Confusion arrays can be used to explore in more detail the issues raised by global analyses and to mine relationships between individual clusters. This can then be used to make refined gene lists based on either the expert opinion or on the application of computationally objective criteria. We applied LA to the confusion matrix of the Cho heuristic and the EM MoDG results and produced the corresponding adjacency matrix (see Methods and Equation 3). This delivered an objectively optimized pairing of EM cluster 1 with Cho ‘Early G1’, EM cluster 2 with Cho ‘Late G1’ and so on, as shown in the array visualization (Figure 1). Each cell in the confusion array contains the corresponding gene vectors and displays the calculated mean vector for each intersect cell in the array.
The confusion array highlighted relationships that were not clear from Figures 5 or or6.6. For example, in the Affymetrix data (1), both algorithms identified two gene classes within G1 (red and yellow, respectively, in the PCA analysis of Figure 5). However, the EM1 cluster shares only 67% of its content with the Cho ‘Early G1’, and most remaining genes fall into the Cho ‘Late G1’ cluster (Figure 7A). A straightforward hypothesis is that the statistical EM algorithm simply could not justify dividing G1 vectors into early and Late G1 kinetic groups as the heuristic had done. The confusion array, however, makes it clear at a glance that a different data feature is driving the G1 sub-groupings. EM1 cluster members are upregulated only in the second cycle, while EM2 genes are upregulated in both cycles. The array also shows that the Cho Early G1 group contains a set of 10 genes that appear much more consistent with a coherent M-phase group that corresponds to EM5.
Because the focus of the heuristic classification was mainly on the second oscillation, it suppressed the distinction between single cycle and two cycle G1 patterns, while ‘paying more attention’ to fine-structure kinetic differences of the second cycle. On the other hand, EM MoDG treats all features with equal weight across the time course and so centers clusters without prior guidance about their relationship to cell cycle phase. The confusion array intersect cells then effectively parsed the fine kinetic differences within EM1 by separating 47 vectors that more closely resemble the Early G1 cluster from 18 that are more like Late G1 cluster. Thus, the intersect cells capture and dissect the two distinct ways used by the two algorithms to parse G1 expression. Both appear valid and reveal in different ways, one based entirely on the kinetics of the second cycle and one focusing on a major difference in the expression that is seen only in the first cycle following release from arrest.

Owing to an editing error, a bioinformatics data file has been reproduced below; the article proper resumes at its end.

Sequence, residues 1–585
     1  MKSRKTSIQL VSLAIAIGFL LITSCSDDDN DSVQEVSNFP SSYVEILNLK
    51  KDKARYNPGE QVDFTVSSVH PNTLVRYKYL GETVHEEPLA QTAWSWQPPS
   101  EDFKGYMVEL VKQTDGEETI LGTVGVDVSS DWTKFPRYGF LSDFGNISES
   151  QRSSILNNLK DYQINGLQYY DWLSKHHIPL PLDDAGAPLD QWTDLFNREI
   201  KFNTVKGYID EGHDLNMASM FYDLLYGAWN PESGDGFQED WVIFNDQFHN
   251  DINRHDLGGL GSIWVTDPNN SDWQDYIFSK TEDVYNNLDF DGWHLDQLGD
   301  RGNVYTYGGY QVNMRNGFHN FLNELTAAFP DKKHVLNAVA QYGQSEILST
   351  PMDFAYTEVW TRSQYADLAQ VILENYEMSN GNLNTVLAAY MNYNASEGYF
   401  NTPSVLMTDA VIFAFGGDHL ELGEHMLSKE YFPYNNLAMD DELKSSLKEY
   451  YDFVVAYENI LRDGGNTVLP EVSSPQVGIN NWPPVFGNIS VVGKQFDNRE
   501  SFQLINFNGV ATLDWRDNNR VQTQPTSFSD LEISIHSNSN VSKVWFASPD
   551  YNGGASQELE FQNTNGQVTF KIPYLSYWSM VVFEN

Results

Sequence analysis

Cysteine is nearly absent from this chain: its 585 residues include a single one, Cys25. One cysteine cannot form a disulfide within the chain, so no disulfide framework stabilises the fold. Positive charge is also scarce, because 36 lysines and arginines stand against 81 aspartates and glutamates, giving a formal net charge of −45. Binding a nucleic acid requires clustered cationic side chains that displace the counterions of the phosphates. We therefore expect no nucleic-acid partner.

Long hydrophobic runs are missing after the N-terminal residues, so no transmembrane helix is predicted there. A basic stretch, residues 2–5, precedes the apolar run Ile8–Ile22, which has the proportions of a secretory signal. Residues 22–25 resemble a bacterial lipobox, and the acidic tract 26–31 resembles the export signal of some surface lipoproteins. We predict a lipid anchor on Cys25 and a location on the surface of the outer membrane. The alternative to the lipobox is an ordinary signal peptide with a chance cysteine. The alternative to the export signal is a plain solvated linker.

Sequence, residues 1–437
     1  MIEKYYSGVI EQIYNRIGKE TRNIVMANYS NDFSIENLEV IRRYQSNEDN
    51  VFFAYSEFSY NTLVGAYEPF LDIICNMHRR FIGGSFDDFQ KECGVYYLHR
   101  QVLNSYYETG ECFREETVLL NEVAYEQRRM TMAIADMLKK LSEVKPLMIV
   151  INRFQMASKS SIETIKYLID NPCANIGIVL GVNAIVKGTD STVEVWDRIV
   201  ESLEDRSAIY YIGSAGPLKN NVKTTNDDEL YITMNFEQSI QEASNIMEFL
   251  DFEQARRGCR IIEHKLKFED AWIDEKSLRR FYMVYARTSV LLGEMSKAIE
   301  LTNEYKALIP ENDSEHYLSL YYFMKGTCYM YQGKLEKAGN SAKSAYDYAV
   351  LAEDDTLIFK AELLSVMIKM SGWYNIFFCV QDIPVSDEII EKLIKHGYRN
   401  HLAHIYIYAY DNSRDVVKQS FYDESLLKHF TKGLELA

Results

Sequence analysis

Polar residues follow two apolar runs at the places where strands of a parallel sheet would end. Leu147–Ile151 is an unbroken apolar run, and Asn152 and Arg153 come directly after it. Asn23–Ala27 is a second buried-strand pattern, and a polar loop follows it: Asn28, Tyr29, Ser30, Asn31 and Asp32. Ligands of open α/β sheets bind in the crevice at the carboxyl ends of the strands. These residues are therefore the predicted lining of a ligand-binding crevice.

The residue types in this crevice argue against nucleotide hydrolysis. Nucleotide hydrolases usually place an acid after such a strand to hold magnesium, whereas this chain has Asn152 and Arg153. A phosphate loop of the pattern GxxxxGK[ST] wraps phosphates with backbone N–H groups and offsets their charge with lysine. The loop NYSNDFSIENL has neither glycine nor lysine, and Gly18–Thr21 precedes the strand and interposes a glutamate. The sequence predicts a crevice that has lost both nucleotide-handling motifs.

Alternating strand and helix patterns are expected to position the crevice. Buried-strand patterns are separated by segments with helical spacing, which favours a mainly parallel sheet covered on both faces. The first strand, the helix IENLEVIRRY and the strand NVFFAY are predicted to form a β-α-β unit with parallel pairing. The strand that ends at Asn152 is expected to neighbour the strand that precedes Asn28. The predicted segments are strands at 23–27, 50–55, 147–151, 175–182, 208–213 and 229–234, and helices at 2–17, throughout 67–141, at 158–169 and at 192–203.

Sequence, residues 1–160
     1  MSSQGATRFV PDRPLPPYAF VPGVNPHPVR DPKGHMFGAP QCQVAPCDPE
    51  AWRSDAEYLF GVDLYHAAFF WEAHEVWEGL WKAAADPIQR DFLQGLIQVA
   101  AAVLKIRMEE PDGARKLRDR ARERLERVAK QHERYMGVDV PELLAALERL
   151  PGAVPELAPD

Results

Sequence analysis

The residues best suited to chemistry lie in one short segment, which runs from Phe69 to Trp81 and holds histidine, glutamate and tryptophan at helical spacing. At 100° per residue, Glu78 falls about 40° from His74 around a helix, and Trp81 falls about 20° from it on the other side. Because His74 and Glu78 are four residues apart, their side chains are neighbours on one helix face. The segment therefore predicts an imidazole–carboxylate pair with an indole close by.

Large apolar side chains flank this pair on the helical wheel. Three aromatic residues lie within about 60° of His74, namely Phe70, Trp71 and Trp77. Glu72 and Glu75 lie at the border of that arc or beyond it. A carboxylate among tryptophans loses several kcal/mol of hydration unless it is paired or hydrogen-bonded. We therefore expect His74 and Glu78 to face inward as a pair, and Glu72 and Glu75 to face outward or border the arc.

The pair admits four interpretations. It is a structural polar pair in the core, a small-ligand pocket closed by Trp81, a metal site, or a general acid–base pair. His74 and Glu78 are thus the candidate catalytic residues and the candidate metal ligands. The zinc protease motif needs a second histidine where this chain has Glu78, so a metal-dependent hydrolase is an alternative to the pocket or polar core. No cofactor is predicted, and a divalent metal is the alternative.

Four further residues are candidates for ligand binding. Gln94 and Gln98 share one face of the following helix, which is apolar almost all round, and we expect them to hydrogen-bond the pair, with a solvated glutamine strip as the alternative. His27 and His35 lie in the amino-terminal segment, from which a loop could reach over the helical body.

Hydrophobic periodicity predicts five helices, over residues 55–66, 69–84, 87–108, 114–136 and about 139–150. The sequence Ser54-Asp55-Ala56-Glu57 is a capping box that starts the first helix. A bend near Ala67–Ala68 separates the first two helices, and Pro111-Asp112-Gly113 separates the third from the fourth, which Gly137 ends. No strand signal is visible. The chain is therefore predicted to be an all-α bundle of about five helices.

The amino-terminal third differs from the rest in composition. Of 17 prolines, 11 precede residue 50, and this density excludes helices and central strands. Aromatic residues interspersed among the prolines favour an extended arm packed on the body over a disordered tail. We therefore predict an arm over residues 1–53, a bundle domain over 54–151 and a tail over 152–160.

Turning to the S-phase clusters, the comparative analysis highlights a different kind of disagreement between the two algorithm outputs. Members from Cho ‘S-phase’ cluster overlap almost evenly with either EM2 (41%) or EM3 (49%). A simple biological interpretation is that the kinetic boundary between Late G1 and S-phase is not very crisp, irrespective of the algorithm used to try to define them. An alternate explanation is that one algorithm is frankly superior to the other in defining coherent expression groups. Examination of the ROC curves (Figure 5) and values (0.98 for EM versus 0.82 for S phase) provided an objective measure of quality that argues the EM clustering of S phase is superior.